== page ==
Manitoba Heavy Construction Association

Spring 2023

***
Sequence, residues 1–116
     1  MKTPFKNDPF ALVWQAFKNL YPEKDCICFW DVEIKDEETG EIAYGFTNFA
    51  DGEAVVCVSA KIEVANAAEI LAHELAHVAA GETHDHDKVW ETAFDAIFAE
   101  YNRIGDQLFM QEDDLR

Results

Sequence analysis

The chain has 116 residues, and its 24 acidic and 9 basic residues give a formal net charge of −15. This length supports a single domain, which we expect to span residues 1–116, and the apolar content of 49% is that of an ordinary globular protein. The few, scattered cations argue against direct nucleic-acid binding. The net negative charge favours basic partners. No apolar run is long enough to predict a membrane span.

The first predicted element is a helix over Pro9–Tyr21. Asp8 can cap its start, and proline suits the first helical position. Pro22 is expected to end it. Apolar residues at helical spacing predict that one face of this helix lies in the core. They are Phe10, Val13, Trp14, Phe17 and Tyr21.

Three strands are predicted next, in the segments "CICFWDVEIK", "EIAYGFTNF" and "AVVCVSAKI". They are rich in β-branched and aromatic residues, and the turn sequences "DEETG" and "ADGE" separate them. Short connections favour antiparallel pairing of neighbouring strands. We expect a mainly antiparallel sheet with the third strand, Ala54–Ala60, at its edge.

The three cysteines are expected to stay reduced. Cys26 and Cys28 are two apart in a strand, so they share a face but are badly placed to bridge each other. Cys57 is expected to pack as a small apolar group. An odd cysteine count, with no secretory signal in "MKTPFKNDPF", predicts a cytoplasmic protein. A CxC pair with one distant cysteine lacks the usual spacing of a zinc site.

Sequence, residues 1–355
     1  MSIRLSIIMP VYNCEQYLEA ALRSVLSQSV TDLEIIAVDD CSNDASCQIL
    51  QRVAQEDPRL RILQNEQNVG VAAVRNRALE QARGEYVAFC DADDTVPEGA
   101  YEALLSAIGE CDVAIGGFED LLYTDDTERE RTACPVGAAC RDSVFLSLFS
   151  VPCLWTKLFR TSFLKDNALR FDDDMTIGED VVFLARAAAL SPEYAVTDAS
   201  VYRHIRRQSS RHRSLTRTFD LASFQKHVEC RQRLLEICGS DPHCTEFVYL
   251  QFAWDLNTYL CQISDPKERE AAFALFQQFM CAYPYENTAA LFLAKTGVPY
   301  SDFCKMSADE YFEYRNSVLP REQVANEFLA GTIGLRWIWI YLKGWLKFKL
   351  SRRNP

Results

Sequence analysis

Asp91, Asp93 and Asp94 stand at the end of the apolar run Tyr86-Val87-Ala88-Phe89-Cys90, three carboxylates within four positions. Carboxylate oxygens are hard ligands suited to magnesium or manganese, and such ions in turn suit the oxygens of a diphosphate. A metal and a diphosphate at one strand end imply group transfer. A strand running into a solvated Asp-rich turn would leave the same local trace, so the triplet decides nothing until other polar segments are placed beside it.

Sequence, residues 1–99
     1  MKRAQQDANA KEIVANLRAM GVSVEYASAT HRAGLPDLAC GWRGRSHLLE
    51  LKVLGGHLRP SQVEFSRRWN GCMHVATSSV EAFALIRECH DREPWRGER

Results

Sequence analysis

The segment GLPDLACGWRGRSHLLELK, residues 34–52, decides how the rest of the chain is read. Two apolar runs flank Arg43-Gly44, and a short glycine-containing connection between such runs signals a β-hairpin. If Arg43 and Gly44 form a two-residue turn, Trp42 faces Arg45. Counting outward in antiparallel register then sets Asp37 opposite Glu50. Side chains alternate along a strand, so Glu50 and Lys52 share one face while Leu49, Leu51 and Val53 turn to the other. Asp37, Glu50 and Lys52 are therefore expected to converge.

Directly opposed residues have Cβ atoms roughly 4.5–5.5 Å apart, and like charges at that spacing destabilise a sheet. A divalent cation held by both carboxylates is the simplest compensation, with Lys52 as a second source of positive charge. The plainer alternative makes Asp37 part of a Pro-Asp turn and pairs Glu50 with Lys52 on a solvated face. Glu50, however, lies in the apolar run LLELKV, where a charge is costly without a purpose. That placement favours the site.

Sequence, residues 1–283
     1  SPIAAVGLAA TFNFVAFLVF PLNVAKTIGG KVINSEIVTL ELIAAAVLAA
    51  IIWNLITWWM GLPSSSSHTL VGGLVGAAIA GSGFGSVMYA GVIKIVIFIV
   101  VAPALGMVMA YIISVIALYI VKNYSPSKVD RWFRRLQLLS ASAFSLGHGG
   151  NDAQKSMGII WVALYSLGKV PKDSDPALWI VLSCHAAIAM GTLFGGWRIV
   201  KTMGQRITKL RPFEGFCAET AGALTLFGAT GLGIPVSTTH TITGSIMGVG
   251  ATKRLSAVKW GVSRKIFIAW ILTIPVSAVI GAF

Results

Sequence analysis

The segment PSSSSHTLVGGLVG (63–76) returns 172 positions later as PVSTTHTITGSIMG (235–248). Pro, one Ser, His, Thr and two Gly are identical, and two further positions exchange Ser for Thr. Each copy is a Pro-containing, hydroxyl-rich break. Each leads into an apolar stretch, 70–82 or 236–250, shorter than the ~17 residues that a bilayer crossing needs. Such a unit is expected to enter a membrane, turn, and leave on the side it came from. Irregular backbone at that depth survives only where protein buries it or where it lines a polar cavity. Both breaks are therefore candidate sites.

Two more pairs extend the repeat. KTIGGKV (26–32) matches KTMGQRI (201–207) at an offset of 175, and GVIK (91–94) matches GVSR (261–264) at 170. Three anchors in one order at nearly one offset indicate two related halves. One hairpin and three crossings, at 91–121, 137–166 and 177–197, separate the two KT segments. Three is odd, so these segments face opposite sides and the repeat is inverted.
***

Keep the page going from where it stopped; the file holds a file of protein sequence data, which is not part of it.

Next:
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2 SATURDAY, APRIL 15, 2023 A SUPPLEMENT TO THE FREE PRESS S ome big decisions by our political leaders have set Winnipeg and our province up to compete for business, across the globe. It is an exciting time, not just for business owners, but for Manitobans looking to turn the job into a career; for high school students eyeing their prospects for building a life that will allow them to stay here, near family and friends. Manitoba has struggled to retain residents, but some key investment signals from both the city and provincial governments will help set up our economies for real growth, the kind of future that attracts new residents. Top among the investments are: • the agreement to get pipes in the ground at CentrePort Canada's southlands, unlocking a billion or more dollars in potential development • design studies for widening Kenaston Boulevard and for the northwest extension of Chief Peguis Trail to link to CentrePort and Route 90 • twinning the Trans-Canada into Ontario, a bottleneck on our national highway • upgrading the Perimeter to freeway status, reducing hazards and impediments to the smooth, seamless movement of goods and people. It is hard to over-state the importance of these investments in Manitoba and Winnipeg's future. For example: CentrePort Canada, fully built out, delivers more than 98,000 person- years of employment, and $1.18 billion in tax revenue to the province alone. And, as North America's largest tri-modal inland port, it opens the gates to doing business – faster, cheaper, better – with the continent and beyond. Manitoba sits at a conspicuously strategic spot in Canada. We have direct access to international trade gateways to the north and south, and we are the hub of moving freight east and west. Trade supports 53% of Manitoba's economy. So, getting our trade corridors, including our urban regional roads, upgraded, updated and seamlessly connected is critical to our economy. The investments will spin off returns in multiple ways: new capital, new ventures, new Manitobans. Equally important, the dividends, in the form of revenues to governments, will flow to all citizens and help our communities address the serious issues of crime, addictions and homelessness. We all deserve to lead healthy, happy and productive lives. Without growing revenues, we can't shore up our social programs, nor respond with initiatives to support the arts, to plant trees, upgrade parks and recreation facilities. And there would be no money to build new lines of transit or lay down dedicated, separated paths so pedestrians and those cycling can get to their daily destinations safely and efficiently. All of this was apparent in the recently approved City of Winnipeg budget that voted to move toward upgrading our trade corridors. Premier Heather Stefanson has also put trade infrastructure investment at the centre of her government's economic growth strategy, with key funding announcements to highways, CentrePort and for municipal transfers. It is good to see Broadway and Main Street collaborating on issues fundamental to economic growth, agreeing this province can do big things if we work to elevate our trade profile and productivity continentally and globally. But we can't do it alone. Moving goods to and from global markets demands the attention of a federal government that has a clear understanding of – and commitment to – the role trade plays in Canada's prosperity. Trade generates 65% of Canada's GDP. Yet, Canada invests much less in trade infrastructure, compared to our closest competitors for global markets (see sidebar). Many in Canada and abroad who rely on seamless, efficient trade transportation infrastructure don't think our country can deliver. In 2008, the World Economic Forum's survey on trade infrastructure reliability ranked Canada 10th, reflecting a decade of strong investment in trade corridors. By 2019, Canada fell to 32nd, behind Azerbaijan. A damaged global reputation allows our closest competitors to outsell us. This is why five leading business groups are calling for a national trade infrastructure investment plan, to identify and strategically invest in the critical projects holding the highest return on investment – greatest boost to GDP. The MHCA, through the Western Canada Roadbuilders & Heavy Construction Association, is working with the Business Council of Canada, Canadian Chamber of Commerce, Canadian Construction Association and the Canada West Foundation to gather political and business support for significantly increased investment, through a National Plan for Trade Corridor Infrastructure. An investment in trade is an investment in our national economy. That is why Premier Stefanson has committed to champion the need for a national plan for trade corridor infrastructure when the Premiers' Council of the Federation next meets in July in Winnipeg. It's time to put trade, and trade infrastructure, back at the centre of Canada's economic growth policy. Our future rides on it. WINNIPEG, MANITOBA poised to COMPETE with the WORLD Chris Lorenc is President and CEO of the MHCA and the Western Canada Roadbuilders & Heavy Construction Association Canada's economy is more trade-dependent than most of our competitors* Trade accounts for 65 per cent of Canada's economy and supports 2.9 million jobs, yet we're cutting investment in the infrastructure that gets our goods to market. We have to invest to compete. *Canadian Centre for Economic Analysis Global trade: We're letting the competition eat our lunch • Canada's economy is more dependent on export than its competitors, yet invests much less in its trade infrastructure – at $21B annually, it invests half that of Australia (with a similar economic profile) • Dollar for dollar, nations with long-term, stable infrastructure investment strategies reap higher return to GDP than those countries with sporadic, or "volatile," investment approaches • Canada's has a "reactive" approach to infrastructure investment; its volatility is 3.6 times more than its Western competitors for global trade • Canada's investment volatility called "potentially its biggest barrier to export success" • 30% of Canada's GDP is derived from exports; 18% of Canadian jobs are tied to exports • Every additional $1M invested in transport infrastructure supports 151 jobs across Canada, $7.5M in wages and $17M in export-related GDP activity • 30% of business, across the sectors, consider infrastructure a barrier to exports Canada's "reactive" approach to infrastructure investments is hurting our growth Colin Corneau photo 100 YEARS OF DELIVERING EXCELLENCE IN WORKMANSHIP Highly skilled & invested in innovation, we have a multidisciplinary workforce and competencies to exceed the most stringent quality standards. 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